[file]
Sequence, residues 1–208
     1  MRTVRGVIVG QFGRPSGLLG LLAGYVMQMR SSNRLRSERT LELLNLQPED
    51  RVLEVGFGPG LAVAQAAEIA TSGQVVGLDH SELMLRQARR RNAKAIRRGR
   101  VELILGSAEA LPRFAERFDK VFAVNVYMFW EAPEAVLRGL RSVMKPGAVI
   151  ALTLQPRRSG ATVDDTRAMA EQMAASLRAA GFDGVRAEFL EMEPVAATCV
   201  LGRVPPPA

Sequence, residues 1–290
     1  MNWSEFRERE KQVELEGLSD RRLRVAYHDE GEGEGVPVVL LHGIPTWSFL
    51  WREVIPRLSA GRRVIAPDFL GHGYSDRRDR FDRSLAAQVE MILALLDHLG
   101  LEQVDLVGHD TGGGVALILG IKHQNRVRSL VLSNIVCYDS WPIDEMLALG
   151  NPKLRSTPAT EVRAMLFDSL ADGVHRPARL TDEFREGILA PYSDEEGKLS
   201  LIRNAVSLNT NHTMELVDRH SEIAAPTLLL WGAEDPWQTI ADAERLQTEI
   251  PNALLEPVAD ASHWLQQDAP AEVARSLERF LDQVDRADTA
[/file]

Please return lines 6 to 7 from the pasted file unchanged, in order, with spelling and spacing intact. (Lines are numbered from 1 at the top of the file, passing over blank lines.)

   201  LGRVPPPA

Sequence, residues 1–290